US intelligence officials reportedly warned President Donald Trump and Congress about the threats posed by the novel coronavirus beginning in early January — weeks before the White House and lawmakers began implementing stringent public health measures and as the president minimized the threat posed by the virus in his tweets and public statements.
The fact those warnings were largely disregarded — something first reported by the Washington Post’s Shane Harris, Greg Miller, Josh Dawsey, and Ellen Nakashima — suggests Trump administration officials failed to take action that could have prepared the health care system to handle an influx of patients, helped Americans avoid mass social distancing, and saved lives.
Top health officials first learned of the virus’s spread in China on January 3, US Health and Human Services Secretary Alex Azar said Friday. Throughout January and February, intelligence officials’ warnings became more and more urgent, according to the Post — and by early February, much of the Office of the Director of National Intelligence and the CIA’s intelligence reports were dedicated to warnings about Covid-19.
All the while, Trump downplayed the virus publicly, telling the public the coronavirus “is very well under control in our country,” and suggesting warm weather would neutralize the threat the virus poses.
The Coronavirus is very much under control in the USA. We are in contact with everyone and all relevant countries. CDC & World Health have been working hard and very smart. Stock Market starting to look very good to me!— Donald J. Trump (@realDonaldTrump) February 24, 2020
Privately, Trump reportedly rebutted health and intelligence officials’ attempts to get him to take action to prepare communities in the US while rebuking officials who were delivering sober risk assessments.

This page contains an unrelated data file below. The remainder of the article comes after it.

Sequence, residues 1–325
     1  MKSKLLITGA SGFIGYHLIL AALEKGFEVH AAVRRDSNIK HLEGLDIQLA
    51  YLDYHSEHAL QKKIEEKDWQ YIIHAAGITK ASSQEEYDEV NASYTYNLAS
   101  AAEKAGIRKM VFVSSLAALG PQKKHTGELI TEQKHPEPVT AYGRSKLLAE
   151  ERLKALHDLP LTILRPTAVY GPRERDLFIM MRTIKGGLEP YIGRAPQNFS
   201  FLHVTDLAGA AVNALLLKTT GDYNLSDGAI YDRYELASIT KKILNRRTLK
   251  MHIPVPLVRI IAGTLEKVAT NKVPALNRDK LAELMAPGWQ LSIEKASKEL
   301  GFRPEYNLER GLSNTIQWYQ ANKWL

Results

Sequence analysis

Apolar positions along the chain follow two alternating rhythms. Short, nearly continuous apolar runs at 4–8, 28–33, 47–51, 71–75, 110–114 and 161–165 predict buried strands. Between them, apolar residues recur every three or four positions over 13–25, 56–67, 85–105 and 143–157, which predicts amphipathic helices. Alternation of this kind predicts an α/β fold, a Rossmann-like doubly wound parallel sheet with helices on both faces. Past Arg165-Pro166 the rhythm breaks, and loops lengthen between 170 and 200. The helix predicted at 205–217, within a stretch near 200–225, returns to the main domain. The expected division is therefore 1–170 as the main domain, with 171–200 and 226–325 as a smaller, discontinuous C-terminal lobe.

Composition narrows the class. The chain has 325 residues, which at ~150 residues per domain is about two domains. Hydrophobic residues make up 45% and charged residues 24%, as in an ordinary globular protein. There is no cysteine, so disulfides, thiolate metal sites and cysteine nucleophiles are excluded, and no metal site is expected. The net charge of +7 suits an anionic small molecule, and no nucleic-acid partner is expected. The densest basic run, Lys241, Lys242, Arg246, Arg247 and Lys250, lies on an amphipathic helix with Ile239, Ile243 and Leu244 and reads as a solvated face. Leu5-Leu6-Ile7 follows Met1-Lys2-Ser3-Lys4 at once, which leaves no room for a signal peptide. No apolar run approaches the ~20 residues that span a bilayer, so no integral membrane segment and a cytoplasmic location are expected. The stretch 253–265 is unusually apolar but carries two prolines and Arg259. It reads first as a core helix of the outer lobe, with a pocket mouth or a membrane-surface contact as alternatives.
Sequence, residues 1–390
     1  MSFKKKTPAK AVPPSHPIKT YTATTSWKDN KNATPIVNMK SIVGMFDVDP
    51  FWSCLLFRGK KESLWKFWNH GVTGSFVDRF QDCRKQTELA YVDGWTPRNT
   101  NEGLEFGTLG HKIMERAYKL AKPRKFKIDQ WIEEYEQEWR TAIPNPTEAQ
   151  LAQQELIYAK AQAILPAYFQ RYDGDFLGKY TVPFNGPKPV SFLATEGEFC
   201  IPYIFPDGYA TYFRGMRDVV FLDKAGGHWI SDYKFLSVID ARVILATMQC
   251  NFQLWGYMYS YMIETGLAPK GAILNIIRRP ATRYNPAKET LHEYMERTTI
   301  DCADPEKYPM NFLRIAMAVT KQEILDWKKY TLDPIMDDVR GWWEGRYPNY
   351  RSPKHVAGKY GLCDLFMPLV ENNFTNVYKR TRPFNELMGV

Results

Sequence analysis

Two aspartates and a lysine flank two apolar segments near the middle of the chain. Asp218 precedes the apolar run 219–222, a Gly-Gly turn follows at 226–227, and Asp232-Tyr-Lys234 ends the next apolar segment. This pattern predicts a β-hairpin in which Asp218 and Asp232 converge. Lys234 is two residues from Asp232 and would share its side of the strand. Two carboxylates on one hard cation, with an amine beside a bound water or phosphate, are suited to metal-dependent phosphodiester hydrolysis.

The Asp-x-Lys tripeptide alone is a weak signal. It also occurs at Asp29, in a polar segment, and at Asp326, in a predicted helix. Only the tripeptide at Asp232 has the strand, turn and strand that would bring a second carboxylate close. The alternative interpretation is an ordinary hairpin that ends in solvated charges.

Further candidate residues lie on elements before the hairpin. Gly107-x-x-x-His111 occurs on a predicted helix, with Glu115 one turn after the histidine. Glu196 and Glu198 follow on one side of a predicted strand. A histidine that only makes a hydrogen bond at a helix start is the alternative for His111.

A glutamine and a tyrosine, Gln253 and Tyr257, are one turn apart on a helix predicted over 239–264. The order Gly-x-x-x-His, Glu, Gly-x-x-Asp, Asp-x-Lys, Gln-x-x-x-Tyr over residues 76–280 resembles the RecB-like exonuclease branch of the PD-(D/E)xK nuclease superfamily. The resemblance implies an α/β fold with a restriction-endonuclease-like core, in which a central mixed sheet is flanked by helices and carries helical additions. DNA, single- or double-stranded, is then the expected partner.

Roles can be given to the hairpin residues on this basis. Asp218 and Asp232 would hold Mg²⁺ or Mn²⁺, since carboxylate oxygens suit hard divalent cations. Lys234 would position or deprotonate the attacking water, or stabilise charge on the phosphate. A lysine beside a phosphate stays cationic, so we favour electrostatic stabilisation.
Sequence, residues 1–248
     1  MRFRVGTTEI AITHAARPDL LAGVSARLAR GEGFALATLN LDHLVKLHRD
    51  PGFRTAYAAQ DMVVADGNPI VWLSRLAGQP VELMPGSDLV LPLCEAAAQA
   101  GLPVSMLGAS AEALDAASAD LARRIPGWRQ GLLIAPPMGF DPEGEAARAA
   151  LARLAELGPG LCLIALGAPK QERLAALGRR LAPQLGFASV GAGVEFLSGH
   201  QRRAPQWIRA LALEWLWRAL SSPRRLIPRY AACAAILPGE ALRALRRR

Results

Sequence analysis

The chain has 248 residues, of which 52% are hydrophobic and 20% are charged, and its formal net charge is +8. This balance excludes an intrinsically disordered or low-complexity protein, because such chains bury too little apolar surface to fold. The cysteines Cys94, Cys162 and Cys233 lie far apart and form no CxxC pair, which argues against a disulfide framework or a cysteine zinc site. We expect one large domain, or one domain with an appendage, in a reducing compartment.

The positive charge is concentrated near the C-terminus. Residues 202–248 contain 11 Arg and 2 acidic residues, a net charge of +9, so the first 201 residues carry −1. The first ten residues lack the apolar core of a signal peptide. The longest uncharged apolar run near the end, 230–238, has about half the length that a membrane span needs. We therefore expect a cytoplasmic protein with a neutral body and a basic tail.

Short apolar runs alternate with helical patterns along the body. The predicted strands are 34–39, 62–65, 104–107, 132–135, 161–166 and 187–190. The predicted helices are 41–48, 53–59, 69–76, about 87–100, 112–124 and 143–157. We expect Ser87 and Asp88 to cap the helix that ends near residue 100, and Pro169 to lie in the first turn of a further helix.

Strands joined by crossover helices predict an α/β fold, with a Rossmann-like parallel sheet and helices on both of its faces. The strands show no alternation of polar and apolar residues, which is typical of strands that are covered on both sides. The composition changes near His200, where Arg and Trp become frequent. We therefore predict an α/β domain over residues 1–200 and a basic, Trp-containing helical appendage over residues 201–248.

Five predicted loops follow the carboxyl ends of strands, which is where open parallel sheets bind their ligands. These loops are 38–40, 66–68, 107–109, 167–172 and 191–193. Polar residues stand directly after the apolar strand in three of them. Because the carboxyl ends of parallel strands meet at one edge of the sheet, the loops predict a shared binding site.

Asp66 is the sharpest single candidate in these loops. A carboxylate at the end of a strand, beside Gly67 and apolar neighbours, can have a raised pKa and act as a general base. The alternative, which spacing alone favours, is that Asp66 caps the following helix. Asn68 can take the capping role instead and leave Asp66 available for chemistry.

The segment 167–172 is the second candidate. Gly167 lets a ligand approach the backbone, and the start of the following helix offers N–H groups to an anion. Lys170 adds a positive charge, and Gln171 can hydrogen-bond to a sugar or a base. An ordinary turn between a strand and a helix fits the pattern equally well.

For instance, in late February, when Nancy Messonnier, director of the National Center for Immunization and Respiratory Diseases at the Centers for Disease Control and Prevention (CDC), said, “It’s not a question of if [community spread] will happen, but when this will happen, and how many people in this country will have severe illnesses,” Trump reportedly responded by calling Azar to complain “that Messonnier was scaring the stock markets, according to two senior administration officials,” the Post reports.
In a statement, the administration rebutted the Post’s reporting, calling it part of a attempt by the media and Democrats “to rewrite history” and claiming “President Trump has taken historic, aggressive measures to protect the health, wealth and safety of the American people.”
The administration did begin taking some limited action about a month after Azar says the administration first began receiving warnings, blocking non-citizens who had been to China in the last two weeks from entering the country on February 3 — a move public experts have argued at best bought the US time to ramp up its testing capabilities, which it did not use, and at worst had no beneficial effects at all.